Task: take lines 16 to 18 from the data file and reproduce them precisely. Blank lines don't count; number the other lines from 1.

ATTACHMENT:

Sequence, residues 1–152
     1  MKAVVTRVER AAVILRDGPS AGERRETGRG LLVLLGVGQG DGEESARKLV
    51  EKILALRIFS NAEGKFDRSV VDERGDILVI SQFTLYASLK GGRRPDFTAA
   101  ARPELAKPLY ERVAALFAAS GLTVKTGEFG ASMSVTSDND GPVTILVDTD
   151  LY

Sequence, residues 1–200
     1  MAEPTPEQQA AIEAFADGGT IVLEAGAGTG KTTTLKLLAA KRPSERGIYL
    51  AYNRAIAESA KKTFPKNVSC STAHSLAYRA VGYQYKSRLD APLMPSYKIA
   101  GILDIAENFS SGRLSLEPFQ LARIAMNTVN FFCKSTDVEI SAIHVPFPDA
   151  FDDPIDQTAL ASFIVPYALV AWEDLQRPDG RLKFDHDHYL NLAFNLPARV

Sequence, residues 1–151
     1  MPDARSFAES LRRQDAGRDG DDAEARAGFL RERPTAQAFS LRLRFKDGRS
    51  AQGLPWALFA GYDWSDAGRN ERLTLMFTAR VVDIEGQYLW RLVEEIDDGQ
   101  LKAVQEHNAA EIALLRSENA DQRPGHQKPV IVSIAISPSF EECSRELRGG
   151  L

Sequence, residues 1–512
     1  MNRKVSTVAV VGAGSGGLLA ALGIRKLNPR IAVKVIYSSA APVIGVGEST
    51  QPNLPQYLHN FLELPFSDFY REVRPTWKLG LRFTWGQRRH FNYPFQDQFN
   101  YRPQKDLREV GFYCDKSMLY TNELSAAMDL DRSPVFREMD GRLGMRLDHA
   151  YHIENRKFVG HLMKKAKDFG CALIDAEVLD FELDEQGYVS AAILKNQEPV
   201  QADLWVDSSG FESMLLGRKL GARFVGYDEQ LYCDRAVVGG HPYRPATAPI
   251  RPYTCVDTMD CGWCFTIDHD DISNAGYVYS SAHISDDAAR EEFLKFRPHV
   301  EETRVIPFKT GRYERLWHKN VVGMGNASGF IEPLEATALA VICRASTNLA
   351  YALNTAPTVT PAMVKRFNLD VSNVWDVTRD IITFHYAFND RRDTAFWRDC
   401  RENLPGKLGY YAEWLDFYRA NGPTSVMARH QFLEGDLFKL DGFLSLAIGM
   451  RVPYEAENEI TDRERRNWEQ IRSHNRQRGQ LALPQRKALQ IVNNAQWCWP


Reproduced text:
Sequence, residues 1–512
     1  MNRKVSTVAV VGAGSGGLLA ALGIRKLNPR IAVKVIYSSA APVIGVGEST
    51  QPNLPQYLHN FLELPFSDFY REVRPTWKLG LRFTWGQRRH FNYPFQDQFN